How can emerging market investors deal with some of the effects that could stem from the new US administration?
What factors should emerging market investors keep in mind when assessing the potential impact of the new US president? Manpreet Gill, head of fixed income, currency and commodity srategy, Standard Chartered Private Banking, sets out his views. This publication's editors do not necessarily agree with all the views of guest contributors but are grateful for contribution to debate and invite readers to respond. They can email the editor at email@example.com.
The first few weeks of the new US administration have made one issue quite clear – President Donald Trump is keen to deliver on his campaign promises. One of the cornerstones of his declared policy is to negotiate better trade deals for the US with its neighbours such as Mexico and Canada, as well as with key trade partners in Asia.
Where does that leave trade-dependent Asia and the other emerging markets, many of which count the US among their top three trading partners? And how should investors play the emerging trend?
To tackle this question, one needs to first examine the backdrop. There are a few factors favouring emerging markets at the moment. First, emerging market growth is accelerating relative to developed market growth for the first time since 2009 and Asia is set to remain the biggest growth driver for the global economy. Second, emerging market equity market valuations are more attractive than those in developed markets after years of underperformance. Third, many emerging markets, especially outside Asia, are emerging from recessions and/or sharp downturns in their equity, bond and currency markets. Other factors such as increased commodity price stability, greater reform efforts and stability in China are also positives for many emerging markets. Indeed, these factors arguably contributed to emerging market equity outperformance over developed markets for the first time in four years in 2016.
Against these favourable trends there are counter-balancing factors. Apart from the likelihood of trade frictions, the most significant risk facing Asia and emerging markets is interest rates in the US as Trump’s policies could potentially generate faster growth and higher inflation. Historically, higher US rates have tended to be a challenging environment for many emerging markets, given the possibility of triggering capital outflows.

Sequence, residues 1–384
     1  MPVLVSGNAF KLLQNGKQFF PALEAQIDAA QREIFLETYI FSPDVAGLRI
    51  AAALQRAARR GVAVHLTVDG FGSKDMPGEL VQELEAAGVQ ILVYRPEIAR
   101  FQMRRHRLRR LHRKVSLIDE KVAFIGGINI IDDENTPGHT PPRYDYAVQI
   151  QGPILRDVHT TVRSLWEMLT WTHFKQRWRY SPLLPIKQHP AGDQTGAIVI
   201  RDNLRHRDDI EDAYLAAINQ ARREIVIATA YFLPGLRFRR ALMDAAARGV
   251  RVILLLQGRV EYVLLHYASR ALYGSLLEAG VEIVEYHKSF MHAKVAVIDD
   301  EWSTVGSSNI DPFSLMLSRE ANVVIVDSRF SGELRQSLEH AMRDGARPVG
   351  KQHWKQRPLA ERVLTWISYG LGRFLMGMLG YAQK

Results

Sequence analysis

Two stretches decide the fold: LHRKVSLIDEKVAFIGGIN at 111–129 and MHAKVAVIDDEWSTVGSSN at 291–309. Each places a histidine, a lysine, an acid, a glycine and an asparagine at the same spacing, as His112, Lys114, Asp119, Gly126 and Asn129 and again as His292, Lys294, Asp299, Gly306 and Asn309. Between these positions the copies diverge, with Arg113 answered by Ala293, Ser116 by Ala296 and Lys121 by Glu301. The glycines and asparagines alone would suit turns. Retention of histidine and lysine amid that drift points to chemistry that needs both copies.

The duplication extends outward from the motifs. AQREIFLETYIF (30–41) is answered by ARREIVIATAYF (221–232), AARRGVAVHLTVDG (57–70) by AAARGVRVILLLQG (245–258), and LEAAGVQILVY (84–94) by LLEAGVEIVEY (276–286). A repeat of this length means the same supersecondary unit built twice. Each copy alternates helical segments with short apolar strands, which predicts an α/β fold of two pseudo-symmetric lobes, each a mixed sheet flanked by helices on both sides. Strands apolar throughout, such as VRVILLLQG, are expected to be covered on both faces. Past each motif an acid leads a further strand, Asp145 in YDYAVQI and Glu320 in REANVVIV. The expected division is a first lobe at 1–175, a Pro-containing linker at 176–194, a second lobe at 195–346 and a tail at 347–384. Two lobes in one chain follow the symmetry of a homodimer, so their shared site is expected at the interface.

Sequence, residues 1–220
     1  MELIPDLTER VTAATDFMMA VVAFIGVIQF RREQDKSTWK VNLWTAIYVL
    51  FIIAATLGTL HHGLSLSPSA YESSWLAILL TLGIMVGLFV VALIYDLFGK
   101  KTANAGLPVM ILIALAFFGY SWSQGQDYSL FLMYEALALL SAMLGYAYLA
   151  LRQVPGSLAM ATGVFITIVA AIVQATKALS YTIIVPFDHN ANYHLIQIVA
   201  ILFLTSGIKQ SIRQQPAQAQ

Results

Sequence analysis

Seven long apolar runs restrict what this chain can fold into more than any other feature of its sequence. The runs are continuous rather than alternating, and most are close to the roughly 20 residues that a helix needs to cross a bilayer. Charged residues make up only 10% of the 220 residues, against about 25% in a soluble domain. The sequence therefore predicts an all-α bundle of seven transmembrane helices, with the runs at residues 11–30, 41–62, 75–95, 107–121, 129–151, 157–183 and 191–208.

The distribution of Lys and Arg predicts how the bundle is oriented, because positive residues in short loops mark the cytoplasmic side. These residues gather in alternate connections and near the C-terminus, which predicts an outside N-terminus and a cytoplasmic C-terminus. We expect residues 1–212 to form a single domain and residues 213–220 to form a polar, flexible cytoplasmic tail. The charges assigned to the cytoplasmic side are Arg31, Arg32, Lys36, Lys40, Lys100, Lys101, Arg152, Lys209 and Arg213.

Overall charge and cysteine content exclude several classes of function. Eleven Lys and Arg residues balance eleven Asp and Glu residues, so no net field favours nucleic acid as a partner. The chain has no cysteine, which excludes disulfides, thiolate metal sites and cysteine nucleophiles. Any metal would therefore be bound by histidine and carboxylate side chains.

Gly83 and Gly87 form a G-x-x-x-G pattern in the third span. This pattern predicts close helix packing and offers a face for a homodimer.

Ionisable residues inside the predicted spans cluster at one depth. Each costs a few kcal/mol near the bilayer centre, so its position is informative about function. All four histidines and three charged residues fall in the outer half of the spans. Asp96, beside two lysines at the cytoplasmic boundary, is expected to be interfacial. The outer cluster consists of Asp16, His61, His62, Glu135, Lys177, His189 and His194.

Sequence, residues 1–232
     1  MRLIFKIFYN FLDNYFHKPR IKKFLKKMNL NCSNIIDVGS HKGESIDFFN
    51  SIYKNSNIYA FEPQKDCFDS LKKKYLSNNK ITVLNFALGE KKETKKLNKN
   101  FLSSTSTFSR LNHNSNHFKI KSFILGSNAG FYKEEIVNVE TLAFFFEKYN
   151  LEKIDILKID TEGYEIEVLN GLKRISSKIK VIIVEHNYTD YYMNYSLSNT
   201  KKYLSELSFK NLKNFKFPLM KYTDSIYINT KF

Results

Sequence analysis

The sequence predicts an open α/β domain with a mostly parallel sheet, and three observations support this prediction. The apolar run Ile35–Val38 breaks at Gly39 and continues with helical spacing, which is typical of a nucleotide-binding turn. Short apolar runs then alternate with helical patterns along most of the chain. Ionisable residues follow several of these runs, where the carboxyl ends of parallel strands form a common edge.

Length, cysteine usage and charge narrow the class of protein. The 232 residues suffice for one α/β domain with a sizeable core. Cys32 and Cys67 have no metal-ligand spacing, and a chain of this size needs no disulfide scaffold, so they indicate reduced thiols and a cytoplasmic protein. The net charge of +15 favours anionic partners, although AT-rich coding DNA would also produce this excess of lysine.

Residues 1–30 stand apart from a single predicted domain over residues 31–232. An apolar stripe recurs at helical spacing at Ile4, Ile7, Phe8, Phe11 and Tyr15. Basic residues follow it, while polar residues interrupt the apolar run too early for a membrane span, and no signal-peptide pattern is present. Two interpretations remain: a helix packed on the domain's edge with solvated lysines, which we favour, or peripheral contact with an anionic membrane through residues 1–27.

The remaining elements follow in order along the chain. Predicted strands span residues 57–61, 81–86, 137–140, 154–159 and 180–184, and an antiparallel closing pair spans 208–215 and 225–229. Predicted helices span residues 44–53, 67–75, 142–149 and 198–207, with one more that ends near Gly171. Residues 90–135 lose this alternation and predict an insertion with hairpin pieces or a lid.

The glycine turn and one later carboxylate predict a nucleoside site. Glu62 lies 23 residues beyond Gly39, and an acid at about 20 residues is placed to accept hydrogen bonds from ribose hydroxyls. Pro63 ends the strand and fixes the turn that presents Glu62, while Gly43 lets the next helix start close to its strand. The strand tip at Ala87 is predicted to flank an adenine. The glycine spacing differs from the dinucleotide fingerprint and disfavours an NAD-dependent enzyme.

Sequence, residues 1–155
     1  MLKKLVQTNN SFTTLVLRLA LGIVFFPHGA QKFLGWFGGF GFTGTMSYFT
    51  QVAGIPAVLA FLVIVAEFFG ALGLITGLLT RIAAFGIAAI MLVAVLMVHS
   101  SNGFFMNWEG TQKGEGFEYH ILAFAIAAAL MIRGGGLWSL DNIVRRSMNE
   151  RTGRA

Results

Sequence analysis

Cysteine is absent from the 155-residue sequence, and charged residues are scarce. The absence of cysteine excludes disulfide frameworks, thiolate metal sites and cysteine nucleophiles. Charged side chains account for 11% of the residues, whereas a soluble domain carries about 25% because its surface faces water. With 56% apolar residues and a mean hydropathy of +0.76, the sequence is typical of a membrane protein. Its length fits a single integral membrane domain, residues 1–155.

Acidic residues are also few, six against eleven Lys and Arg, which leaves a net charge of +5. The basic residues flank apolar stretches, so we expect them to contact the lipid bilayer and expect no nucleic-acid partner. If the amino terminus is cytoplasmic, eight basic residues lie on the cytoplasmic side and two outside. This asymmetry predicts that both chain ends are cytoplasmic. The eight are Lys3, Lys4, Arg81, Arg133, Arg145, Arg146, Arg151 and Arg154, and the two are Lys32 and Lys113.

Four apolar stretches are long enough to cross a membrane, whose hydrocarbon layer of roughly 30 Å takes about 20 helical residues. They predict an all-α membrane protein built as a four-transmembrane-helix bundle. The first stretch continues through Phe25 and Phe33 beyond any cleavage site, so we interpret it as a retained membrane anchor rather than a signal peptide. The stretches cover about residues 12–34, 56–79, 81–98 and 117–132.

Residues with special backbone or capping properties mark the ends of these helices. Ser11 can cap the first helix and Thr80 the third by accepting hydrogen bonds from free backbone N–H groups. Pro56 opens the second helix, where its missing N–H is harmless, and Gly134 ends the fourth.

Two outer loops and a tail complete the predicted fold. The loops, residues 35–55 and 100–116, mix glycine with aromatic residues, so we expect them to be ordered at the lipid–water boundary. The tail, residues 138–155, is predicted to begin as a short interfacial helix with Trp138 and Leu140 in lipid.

However, we believe capital outflows are not inevitable. There are three factors to keep in mind. First, that many emerging markets (including China) have already faced significant capital outflows. This suggests the most susceptible components may already have left. Second, the gap between the low US rates today and fairly high rates in many emerging markets is quite high. This may offer an additional source of support for emerging markets. Finally, US interest rates would most probably have to rise at a faster pace than what is already expected in order to trigger large-scale capital outflows. Markets are arguably already looking for at least one rate hike from the Fed this year, so an upside surprise from this baseline would likely be needed in order for markets to start worrying about emerging markets.
There could even be situations where US rates go up, but they are not detrimental to emerging markets assets and currencies.
For one, US interest rates could rise but at a much slower
pace than expected. This would imply higher yielding emerging
market currencies (like the Indian rupee or Indonesian
rupiah) may be less vulnerable than lower yielding ones. Second,
emerging growth could continue to accelerate relative to
developed market growth, which would underpin interest in
emerging market equity exposure. Finally, emerging market
currencies may have already priced in a significant portion of
the risks, leaving less room for further downside. The Malaysian
ringgit is a good example of this given just how much it has
already weakened over the past few years.